Looking for a good, solid adjustable bench that won’t break your budget? So was I. After researching I eventually purchased the Powerline PFID125X Adjustable Bench. After using it for a while here are my thoughts.
The Quick Overview
- Inexpensive (I searched around a lot and the best price I found was $139.94 on Amazon with free shipping).
- Very solid
- Easy adjustments
- Small wheels in rear feet of bench for moving around
- Pre-assembled and ready to go
- Good feedback from hundreds of other users.
- Bottom part of bench doesn’t tip up – so on an incline press you can feel like you’re going to slide off. There is a ‘shin lock’ to prevent this at the bottom of the bench – which I’m fine with. But it’s probably a personal preference.
The Bottom Line: Would I Buy The
Powerline PFID125X Again?
Absolutely. So far I’m really happy with the purchase and it fit’s my needs well. Of course, if you have the space it would be nice to have a bench solely dedicated to seal rows as I have to Jerry-rig this one. But sometimes that’s the price you pay for a lack of space.
Details And Pictures
Over the last few months I’ve directed my training towards getting stronger and have focused on barbell and weighted bodyweight exercises. Two of the exercises I wanted to incorporate were incline bench press and seal rows.
But without an adjustable bench that’s impossible. So I went searching for something to fit my particular needs.
Inexpensive. I didn’t want an ultra-expensive bench right out of the gate. Something under $200 was more my budget to get started. You can certainly spend more. There was a York adjustable bench I was looking at but at over double the price it just didn’t seem worth it to me. I guess time will tell.
It had to stand up to decent loads. At one time I was inclining 225 pounds for reps. I’m assuming I can get back up to those levels within the year. I weigh 185-ish pounds. So, taking your body and your loads into account – things can start adding up quickly.
In addition to being sturdy – that also meant that it had to have decent padding levels.
Good feedback and reviews from other users. Over the years I’ve bought a lot of equipment. One of the things I always do now is peruse user reviews. The Powerline PFID125X had a lot and most had good things to say. At the time of purchase there were over 340 reviews on Amazon and the average rating was 4.4 out of 5. So plenty of feedback was available.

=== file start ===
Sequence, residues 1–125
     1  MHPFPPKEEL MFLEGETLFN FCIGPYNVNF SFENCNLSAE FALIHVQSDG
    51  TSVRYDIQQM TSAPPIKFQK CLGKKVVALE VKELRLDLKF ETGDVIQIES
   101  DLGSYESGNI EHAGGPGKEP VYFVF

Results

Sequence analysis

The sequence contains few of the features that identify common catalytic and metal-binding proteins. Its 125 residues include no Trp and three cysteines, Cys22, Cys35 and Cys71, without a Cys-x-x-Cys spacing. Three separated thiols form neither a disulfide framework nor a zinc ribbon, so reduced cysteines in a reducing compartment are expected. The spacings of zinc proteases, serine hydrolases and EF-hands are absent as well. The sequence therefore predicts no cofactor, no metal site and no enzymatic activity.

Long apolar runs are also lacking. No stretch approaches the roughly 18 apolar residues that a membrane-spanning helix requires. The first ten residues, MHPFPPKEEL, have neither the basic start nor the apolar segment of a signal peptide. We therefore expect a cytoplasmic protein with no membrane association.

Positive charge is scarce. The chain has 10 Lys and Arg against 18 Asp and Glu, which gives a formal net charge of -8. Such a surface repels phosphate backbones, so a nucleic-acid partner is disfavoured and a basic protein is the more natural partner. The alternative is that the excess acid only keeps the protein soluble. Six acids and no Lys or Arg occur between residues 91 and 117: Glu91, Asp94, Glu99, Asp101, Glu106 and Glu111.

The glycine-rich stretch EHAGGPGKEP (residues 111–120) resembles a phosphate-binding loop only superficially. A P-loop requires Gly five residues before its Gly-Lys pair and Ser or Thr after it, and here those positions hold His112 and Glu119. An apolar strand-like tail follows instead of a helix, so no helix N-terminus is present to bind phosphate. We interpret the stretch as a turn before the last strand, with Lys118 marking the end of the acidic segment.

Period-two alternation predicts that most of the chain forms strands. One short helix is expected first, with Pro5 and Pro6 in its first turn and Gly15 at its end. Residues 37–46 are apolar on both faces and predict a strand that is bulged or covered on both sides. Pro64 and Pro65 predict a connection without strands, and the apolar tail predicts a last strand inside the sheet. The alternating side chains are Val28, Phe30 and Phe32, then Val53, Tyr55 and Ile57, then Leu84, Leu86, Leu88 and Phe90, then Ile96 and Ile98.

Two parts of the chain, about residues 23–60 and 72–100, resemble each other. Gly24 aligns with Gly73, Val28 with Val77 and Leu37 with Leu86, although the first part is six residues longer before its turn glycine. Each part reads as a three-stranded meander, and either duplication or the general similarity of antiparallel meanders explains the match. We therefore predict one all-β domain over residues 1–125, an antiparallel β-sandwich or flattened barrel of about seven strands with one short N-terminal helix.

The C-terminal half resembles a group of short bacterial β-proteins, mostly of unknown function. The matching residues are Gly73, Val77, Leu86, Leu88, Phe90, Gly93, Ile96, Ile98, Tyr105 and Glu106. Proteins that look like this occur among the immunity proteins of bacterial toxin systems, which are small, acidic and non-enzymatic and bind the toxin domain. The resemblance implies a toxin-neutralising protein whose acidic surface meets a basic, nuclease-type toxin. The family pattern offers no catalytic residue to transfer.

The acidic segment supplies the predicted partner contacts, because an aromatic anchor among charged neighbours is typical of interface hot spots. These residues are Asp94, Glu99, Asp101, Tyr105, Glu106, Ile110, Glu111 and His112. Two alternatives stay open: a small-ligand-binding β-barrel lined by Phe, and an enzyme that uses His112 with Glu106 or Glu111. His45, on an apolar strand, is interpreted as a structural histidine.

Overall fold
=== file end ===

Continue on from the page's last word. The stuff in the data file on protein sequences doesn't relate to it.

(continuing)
Overall, my review would be pretty much in line. There is no perfect product – but the Powerline is a good, solid, adjustable bench for someone starting out with their own home gym. And may even be a good choice in the long term.
Needed to Have a Flat Bar Section To Do Seal Rows. A lot of the benches I found had all sorts of bars going everywhere underneath the bench. I honestly don’t know if all that was needed – or if it just made them look like they were stronger – but it immediately turned me off from them because I needed a flat section to perform Seal Rows.
On a seal row you lay on your chest/stomach on the bench and then pull a weighted barbell up towards your chest until it hits the bottom of the bench. Martin Berkhan is a guy I trust when it comes to strength training. He swears by these for building your upper back. But with all the bars on the other other benches I would have never been able to do seal rows. It would have meant buying another bench.
And remember, if you have a garage gym you’re really a minimalist at heart. So I needed a two-for-one. The Powerline PFID125X was good in this regard. It would have been nice to have a less intrusive (read: smaller) bar under the bench but beggars can’t be choosers.
Nice To Have’s
Small Footprint. In a garage gym space is usually at a premium. Mine isn’t any different. So a bench that could fold up and be stored out of the way would be nice to have.
As you can see the front support of the bench is actually held in with a pin. Pull the pin out and put the support up or down depending on if it’s in use or not.
Honestly, it will probably stay down most of the time because the bench is still ‘out of the way’. But if I did ever need to put it up and out of the way I can with little time or effort.
No Assembly (minor). It was weird. When I was checking out on Amazon there was an offer to have the bench assembled for $88. I’m a handy guy so I passed on that.
However, when the bench arrived it was already fully assembled?! So not sure why they wanted to charge me for assembly. That was probably an Amazon snafu but something to keep in mind.
At any rate, the only real assembly that’s required is actually taking the bench pads OFF so you can remove the plastic around them. It looks to me like they wrapped the bench pads in plastic and then attached them to the bench at the plant and then shipped it that way.
I guess you could just cut off the plastic with an exacto knife but I thought that would look like crap so I quickly disassembled them, took the plastic off and screwed the pads back on. Total time: 5-7 minutes and required nothing but a wrench.
Simple and Easy Adjustment. If you spend any time looking at adjustable benches you begin coming across more of them that look like you need a PhD to just get them set up.
I wanted simple and functional. The Powerline PFID125X fits the bill. The adjust with a simple slot system. Just let the bar fall into the desired slot (based off the incline you want) and let it sit.
If you want to go to a decline you have to push the extension flush with the bench, lock it in with a spring pin and then let it go all the way down.
For the regular beginner and even some intermediate lifters the Powerline PFID125X will serve you nicely. If you want to get into serious powerlifting you’ll need to upgrade. But my guess would be that 9 out of 10 users will be more than happy with it.